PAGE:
By Phil Hall | August 30, 2013

In 2001, Young Man Kang directed the documentary short “Haitian Slave Children: Forgotten Angels,” which detailed a little-known human rights crisis in Haiti. This new feature-length documentary picks up the story a decade later – and, sadly, there is no good news to be found.

The film returns to the Haitian capital of Port-au-Prince to find several of child orphans from the first documentary grown up and trying to run their own orphanages. These young men have more enthusiasm and goodwill than managerial talent – their orphanages are badly financed and offer little except bare-bones shelter. One attempt to build a new orphanage building in the Haitian countryside immediately collapses due to ridiculously poor planning.

More troubling are accusations leveled against an American orphanage operator that was profiled in the first film – in this production, several of the former residents of the orphanage accuse their American benefactor of being a child molester. Incredibly, one of the young Haitian orphanage operators that leads these charges admits to funding his operation by selling photographs of the boys in his care to a pedophile in Illinois.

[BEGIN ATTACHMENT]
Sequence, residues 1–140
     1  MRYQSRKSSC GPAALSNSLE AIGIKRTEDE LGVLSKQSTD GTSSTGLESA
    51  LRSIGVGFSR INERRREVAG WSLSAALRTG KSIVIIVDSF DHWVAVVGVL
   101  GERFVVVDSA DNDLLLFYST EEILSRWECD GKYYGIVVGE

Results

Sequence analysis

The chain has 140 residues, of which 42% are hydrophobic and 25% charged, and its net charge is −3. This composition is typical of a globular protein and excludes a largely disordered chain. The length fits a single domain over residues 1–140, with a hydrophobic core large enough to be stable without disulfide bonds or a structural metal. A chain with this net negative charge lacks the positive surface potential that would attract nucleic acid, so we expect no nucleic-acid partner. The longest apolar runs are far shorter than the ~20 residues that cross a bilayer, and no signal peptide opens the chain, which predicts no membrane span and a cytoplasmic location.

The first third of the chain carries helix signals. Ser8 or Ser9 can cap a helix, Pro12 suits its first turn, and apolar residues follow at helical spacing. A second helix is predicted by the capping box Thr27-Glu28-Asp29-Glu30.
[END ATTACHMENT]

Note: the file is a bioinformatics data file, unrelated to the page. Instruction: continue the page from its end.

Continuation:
This film was shot in late 2009, but production was extended into 2010 following the horrific earthquake that devastated Haiti. Needless to say, the earthquake did the impossible: it made a hopelessly tragic situation infinitely worse. Port-au-Prince was severely damaged, with most of its population forced to live in make-shift shelters in unsanitary situations. International relief aid failed to reach many Haitians – and at one point, the film’s director provides medical assistance to injured children on the street. Indeed, things were so dire that some communities sought to stave off famine by eating cookies made from a mixture of mud and cooking oil.

Although the film has a couple of wobbles – interviews with prosperous Haitian immigrants in the U.S. add relatively little to the proceedings, and the charges of child molestation against the American orphanage operator are never properly resolved – it nonetheless offers a bleak view of a social catastrophe that shows no signs of improving. This is one of the year’s most disturbing non-fiction features.

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